It's time for a summer decor refresh, and we've teamed up with a handful of gorgeous, modern brands to help you make it happen! We're giving away $2,100 in decor products and services:
- Decorist Classic Makeover: full room design in your own style and budget including a detailed write-up, shopping list and floor plan plus a $50 furniture credit (total value: $350)
- $350 in authentic peel and stick wood wall paneling from Stikwood
- $350 in comfort-driven luxury sleepwear built for function and flattery from Lunya
- $350 in "Room in a Box" bedroom decor arrangements from Remodo
- $350 in modern furniture from interior designer resource LexMod
- $350 in environmentally friendly detergents, fabric care, and home cleaning products from The Laundress
To enter, simply follow the link below and start dreaming up the possibilities!
Over the years, I've managed to gather many good, free fonts that I've hoarded away in my laptop like squirrels hoard nuts. Truth be told, I've got a bit of a font addiction and I'm not ashamed to admit it - after all, they're so useful, how can I resist?
If you want to expand your font collection, click through for some of my favourites. Trust me, whether you design a little, a lot or almost never, you'll find these come in handy regardless - and best of all, they're free!
There was a time in my life where if you'd asked me who my favourite artist or designer was, I wouldn't have been able to name a single one. Which is so odd, because nowadays I have a list of favourites as long as my arm whose styles influence me in so many ways, from how I craft, to the way I decorate for parties to how I envisage my dream home will look.
Regardless of whether your not you design or create art yourself, having a list of people whose aesthetics you admire can really help to inspire you at times when you find yourself in a creative rut. Read on to see some of my favourites!
Cool gifts for that design-obsessed friend/family member/special someone that will seriously impress without breaking the bank?? YES! It can happen -- and we've rounded up over 20 gift ideas any aesthetics-loving person on your list will swoon for!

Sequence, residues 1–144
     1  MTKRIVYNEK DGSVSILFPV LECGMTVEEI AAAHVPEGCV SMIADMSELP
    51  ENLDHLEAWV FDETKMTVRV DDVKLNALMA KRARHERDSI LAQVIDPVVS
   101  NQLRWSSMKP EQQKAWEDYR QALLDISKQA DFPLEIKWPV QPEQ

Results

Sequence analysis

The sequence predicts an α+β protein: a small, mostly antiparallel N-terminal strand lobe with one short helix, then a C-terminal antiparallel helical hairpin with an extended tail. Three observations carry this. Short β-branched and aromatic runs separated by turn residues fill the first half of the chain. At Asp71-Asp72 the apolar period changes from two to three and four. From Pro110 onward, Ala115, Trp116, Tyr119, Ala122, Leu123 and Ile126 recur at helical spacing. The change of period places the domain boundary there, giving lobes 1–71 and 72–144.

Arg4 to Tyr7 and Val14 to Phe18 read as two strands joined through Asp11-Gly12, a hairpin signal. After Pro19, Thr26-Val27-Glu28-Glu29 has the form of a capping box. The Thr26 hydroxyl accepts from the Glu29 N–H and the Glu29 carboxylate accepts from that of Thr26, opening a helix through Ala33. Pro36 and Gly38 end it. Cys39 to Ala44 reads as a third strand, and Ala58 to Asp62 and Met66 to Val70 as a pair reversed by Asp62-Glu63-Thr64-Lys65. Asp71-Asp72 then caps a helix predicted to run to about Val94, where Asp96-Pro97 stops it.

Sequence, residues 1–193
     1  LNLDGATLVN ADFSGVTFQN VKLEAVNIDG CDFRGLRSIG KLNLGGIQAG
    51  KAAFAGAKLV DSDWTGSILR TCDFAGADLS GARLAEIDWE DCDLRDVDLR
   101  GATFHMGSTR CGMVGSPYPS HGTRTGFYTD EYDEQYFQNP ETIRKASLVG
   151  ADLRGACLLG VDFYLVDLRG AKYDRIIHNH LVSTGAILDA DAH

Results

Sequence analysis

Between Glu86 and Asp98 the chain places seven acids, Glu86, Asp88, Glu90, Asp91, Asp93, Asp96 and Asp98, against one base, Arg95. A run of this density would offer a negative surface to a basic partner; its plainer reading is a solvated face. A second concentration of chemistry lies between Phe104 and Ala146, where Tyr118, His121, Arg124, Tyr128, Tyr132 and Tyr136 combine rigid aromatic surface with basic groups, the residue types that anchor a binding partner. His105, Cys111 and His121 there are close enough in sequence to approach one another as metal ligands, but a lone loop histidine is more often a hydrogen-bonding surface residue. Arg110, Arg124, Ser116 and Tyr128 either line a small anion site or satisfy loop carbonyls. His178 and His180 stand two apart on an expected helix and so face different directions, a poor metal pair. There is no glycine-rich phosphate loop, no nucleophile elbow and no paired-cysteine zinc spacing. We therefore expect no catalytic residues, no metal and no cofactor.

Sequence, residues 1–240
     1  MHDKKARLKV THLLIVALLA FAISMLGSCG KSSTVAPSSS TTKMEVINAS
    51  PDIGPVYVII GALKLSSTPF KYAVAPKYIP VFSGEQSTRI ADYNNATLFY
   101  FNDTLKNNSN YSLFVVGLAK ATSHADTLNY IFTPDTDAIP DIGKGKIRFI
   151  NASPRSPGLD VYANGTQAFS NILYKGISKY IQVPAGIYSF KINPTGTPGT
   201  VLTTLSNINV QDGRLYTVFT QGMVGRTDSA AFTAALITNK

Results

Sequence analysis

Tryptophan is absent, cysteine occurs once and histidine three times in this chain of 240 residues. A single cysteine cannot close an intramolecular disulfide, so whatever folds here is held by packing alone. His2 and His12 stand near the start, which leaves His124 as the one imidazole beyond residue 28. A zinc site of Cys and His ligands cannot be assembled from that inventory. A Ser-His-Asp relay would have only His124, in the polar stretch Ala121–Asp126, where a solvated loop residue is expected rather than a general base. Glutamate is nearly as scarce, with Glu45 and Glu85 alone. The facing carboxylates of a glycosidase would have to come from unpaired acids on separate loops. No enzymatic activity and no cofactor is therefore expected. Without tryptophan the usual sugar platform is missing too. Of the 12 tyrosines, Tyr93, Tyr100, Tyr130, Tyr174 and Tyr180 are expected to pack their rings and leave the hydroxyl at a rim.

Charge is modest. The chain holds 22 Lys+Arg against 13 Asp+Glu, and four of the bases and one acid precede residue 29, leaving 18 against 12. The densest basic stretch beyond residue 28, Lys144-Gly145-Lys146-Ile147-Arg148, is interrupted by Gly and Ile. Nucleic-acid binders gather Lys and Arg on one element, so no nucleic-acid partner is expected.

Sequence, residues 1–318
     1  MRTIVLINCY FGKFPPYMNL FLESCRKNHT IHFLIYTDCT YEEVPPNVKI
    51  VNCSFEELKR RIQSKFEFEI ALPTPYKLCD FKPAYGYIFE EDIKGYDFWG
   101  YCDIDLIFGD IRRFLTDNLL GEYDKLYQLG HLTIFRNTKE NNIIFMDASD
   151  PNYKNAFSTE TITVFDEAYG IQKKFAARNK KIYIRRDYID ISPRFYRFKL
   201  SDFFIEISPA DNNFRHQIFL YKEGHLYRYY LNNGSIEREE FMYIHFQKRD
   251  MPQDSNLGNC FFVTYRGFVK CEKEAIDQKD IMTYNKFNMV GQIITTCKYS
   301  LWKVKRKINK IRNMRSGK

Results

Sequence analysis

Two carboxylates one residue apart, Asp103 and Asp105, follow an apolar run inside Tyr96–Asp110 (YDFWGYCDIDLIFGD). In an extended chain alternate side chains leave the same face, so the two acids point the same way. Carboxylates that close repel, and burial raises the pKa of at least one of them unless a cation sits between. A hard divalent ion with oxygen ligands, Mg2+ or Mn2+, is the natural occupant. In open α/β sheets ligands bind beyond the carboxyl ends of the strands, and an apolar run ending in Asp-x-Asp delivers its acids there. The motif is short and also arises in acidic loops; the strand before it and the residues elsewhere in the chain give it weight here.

2. Jar Tops
When I was a kid my grandpa was the gardener, and I would toddle around with him looking at the plants, smelling the plants, and picking the plants...even when I wasn't supposed to. I never knew how much he taught me until I started my own garden. So, here are a few tips from grandpa through me.
For a garden, the two most important elements are soil and location. You've heard it said by stereotypical developers that it's all about" Location, Location, Location." In this case, that's very true. The success or failure of your little green friends is quite heavily dependent upon where they sit.
This Month in Green Design: An Upside Down Skyscraper, The World's Greenest Office Building, & a Bonus DIY Project!
The midtown offices of Sterling Cooper Draper Pryce has us musing Mad Men of late over at EcoSalon, so it seems only appropriate that much of this month’s post focuses on sustainability trends in skyscrapers, start-ups and big business.
This Month in Green Design: Modern Mason Jars, A Real Functioning Moat, & The Verticality of Vegetables
Over at EcoSalon this past month – where Shelter is where the heart is and the green is always greener – we obsessed over Pantone in theory (the app) vs. practice (the hotel); celebrated Valentine’s Day like practical gals and fixed up a broken heart; font-renewed and blissed out; voyeured our way into the homes of some of our favorite design bloggers and curators and prodded the real life ethics of one of America’s most up-and-coming box...
Number one holds something that's
K. Emily Bond is the Shelter Editor at EcoSalon and brings us a monthly column on the latest in conscious and green design.
I’ve been mulling over the perfect opening for my first in a series of guest posts on green design and thus decided that the very best way for to dig in would be…to say, hello.
I’m the Shelter editor at EcoSalon, where we write about a great many things pretty and green. Our aim is to make green...
Dutch industrial designer Lucas Maassen painstakingly creates smooth, straight-lined designs, flawless and contemporary in their construction, then pays his kids to mess it up.
"Thijme (9 years old), Julian and Maris (both 7 years old) work in compliance with Dutch child labor laws. This means, they’re limited to working only three hours per week. The three sons work every Tuesday 3 p.m. to 5 p.m. with a 15-minute break in between. They receive €1 per furniture piece completed and have employee benefits such as 12 vacation days per year and receive a 5% salary vacation allowance per annum."
Watch this excellent video to see the boys in action: